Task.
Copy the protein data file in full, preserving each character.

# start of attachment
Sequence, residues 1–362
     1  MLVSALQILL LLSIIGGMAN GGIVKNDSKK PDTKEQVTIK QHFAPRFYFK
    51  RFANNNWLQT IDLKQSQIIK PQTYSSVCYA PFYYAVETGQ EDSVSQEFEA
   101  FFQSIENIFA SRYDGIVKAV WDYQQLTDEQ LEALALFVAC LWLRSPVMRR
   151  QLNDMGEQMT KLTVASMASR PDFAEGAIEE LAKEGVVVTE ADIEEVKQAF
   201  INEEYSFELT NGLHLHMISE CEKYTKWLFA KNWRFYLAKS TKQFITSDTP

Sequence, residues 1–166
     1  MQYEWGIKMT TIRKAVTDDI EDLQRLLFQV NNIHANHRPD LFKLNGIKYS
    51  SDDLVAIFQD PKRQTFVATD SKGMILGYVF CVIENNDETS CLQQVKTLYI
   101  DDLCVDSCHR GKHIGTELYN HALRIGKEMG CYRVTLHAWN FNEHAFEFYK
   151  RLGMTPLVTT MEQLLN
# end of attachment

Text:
Sequence, residues 1–362
     1  MLVSALQILL LLSIIGGMAN GGIVKNDSKK PDTKEQVTIK QHFAPRFYFK
    51  RFANNNWLQT IDLKQSQIIK PQTYSSVCYA PFYYAVETGQ EDSVSQEFEA
   101  FFQSIENIFA SRYDGIVKAV WDYQQLTDEQ LEALALFVAC LWLRSPVMRR
   151  QLNDMGEQMT KLTVASMASR PDFAEGAIEE LAKEGVVVTE ADIEEVKQAF
   201  INEEYSFELT NGLHLHMISE CEKYTKWLFA KNWRFYLAKS TKQFITSDTP

Sequence, residues 1–166
     1  MQYEWGIKMT TIRKAVTDDI EDLQRLLFQV NNIHANHRPD LFKLNGIKYS
    51  SDDLVAIFQD PKRQTFVATD SKGMILGYVF CVIENNDETS CLQQVKTLYI
   101  DDLCVDSCHR GKHIGTELYN HALRIGKEMG CYRVTLHAWN FNEHAFEFYK
   151  RLGMTPLVTT MEQLLN